Talks with North Korea have begun on a positive note, chief negotiator Christopher Hill told the Los Angeles Times. During the 60-day preliminary period, Hill expects the Kim Jong-Il regime to make honest attempts to meet its obligations and to attempt to bridge the diplomatic divide. However, the tasks get increasingly more difficult as both sides progress through various stages, Hill warned, likening the process to a video game:
American negotiator Christopher Hill said Tuesday that two days of talks with his counterpart from North Korea had been “very good” and that the plan to dismantle the country’s nuclear program and normalize ties with the United States was “on the right track.”
Hill met with North Korean Vice Foreign Minister Kim Gye Gwan on Monday and Tuesday in New York to discuss the legal and political hurdles to establishing relations between their two countries, which have never made peace since the 1950-53 Korean War.
In eight hours of talks, including a long session over lunch at a Sichuan restaurant, officials from the two countries outlined how to carry out the steps of a landmark Feb. 13 agreement by which North Korea would scrap its nuclear weapons program in exchange for oil and possible U.S. recognition.
Hill was relaxed and upbeat at an afternoon news conference as he ticked off the agenda for the initial 60-day phase, and said the two countries would meet again in Beijing before March 19, the next session of six-party talks, which also involve Japan, South Korea, Russia and China.
“I would say there’s a sense of optimism that we’ll get through this 60-day period and achieve all our objectives,” Hill said.
It’s not going to be all hearts and flowers, even during the initial period. North Korea has to shutter its Yongbyon nuclear power plant and allow for IAEA verification of its closure. They also have to disclose all of their work on nuclear-weapons research and development on both their plutonium and highly-enriched uranium processes. Hill reiterated that Pyongyang had to “come clean” on its purchases of “massive” amounts of uranium-enriching equipment before the end of the 60-day period in order for the Kim regime to normalize relations between the two countries.
The US has a few tasks on the table as well. We have to unfreeze $24 million in funds at a Macau bank that Kim used as a front for his counterfeiting operation in the next 30 days. We also have to deliver 50,000 tons of heavy fuel oil after Yongbyon goes dark, and another 950,000 after the rest of the conditions are met. After that, we remove North Korea from the list of terror-sponsoring states, a move that will no doubt generate a lot of criticism here in the US, although likely not much elsewhere.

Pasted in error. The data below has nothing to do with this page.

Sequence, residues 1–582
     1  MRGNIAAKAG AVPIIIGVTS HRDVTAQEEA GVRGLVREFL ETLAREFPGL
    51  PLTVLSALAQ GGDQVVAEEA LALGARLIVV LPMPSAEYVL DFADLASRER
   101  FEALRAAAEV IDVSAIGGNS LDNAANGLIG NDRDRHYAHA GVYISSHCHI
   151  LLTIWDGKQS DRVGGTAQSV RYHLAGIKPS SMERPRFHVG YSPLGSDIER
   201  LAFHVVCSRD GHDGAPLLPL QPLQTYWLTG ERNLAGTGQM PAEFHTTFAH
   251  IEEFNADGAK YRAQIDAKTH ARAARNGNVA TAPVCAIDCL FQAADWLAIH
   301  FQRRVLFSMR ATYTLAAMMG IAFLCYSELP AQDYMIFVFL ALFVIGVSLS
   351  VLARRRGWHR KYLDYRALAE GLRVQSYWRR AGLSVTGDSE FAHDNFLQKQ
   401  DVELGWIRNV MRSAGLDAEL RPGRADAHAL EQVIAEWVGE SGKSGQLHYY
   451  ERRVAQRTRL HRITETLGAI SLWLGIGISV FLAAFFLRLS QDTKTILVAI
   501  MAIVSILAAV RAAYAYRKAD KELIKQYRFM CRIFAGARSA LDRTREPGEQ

At some point in this process, the US has to get Kim to acknowledge the abductions of Japanese citizens over the last few decades. That’s apparently going to be the Super Mario Bonus Round, because Kim has adamantly refused to discuss it. The Japanese will not move forward on peace talks without it, and the US cannot afford to stiff the Japanese or ignore them in this process. Our insistence on six-party talks requires us to ensure that we support our allies’ concerns as well as our own.
It’s progress, but so far, it still doesn’t appear to be much more than the Agreed Framework, just with more partners. The North Koreans cheated on that almost from the start, and so far this looks suspiciously and similarly vulnerable to the same kind of hidden programs. The Kim regime runs one of the most secretive, Stalinist nations since Stalin himself; even Saddam Hussein’s Iraq was more of an open book than North Korea. Hill discouraged comparisons between the two, but they’re inescapable. Unlike a video game, we can’t just re-do rounds until we get it right. Our failures make our enemy stronger, not return to status quo ante.